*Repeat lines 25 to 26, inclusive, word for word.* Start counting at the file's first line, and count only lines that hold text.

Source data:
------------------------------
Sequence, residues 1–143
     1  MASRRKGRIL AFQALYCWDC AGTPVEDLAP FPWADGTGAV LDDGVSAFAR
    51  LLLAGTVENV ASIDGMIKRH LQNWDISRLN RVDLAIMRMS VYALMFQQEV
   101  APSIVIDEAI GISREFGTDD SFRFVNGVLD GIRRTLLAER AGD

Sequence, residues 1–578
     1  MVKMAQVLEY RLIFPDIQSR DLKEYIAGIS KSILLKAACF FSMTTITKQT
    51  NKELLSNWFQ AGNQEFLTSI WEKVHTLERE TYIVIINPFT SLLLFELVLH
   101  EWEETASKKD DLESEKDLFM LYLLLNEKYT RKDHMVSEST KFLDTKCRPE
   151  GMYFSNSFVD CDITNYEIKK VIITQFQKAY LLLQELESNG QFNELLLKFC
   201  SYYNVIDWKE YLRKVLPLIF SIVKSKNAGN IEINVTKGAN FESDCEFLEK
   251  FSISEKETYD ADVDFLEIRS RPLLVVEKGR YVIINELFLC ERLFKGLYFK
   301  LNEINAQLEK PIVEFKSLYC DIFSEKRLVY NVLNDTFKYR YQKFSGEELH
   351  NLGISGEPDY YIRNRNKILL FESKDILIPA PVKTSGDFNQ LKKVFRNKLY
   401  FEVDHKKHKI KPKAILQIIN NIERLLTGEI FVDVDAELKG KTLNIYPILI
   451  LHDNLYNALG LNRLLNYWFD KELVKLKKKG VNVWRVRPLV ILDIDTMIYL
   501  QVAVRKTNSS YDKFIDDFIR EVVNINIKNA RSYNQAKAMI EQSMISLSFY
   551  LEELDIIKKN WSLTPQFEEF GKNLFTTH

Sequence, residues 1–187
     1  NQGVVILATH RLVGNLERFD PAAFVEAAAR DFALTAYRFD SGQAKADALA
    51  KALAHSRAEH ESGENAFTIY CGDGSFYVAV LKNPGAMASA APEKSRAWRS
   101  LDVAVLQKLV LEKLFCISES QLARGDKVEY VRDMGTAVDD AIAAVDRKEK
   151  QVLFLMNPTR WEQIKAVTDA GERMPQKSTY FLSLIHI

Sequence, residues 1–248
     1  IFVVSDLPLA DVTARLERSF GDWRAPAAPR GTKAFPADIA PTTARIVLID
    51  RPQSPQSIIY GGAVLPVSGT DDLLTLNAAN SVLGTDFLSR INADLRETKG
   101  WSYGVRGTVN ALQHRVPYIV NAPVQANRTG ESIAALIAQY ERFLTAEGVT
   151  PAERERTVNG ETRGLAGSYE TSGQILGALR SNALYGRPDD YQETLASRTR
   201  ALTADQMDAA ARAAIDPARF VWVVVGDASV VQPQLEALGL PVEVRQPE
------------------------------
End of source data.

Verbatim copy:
    51  RPQSPQSIIY GGAVLPVSGT DDLLTLNAAN SVLGTDFLSR INADLRETKG
   101  WSYGVRGTVN ALQHRVPYIV NAPVQANRTG ESIAALIAQY ERFLTAEGVT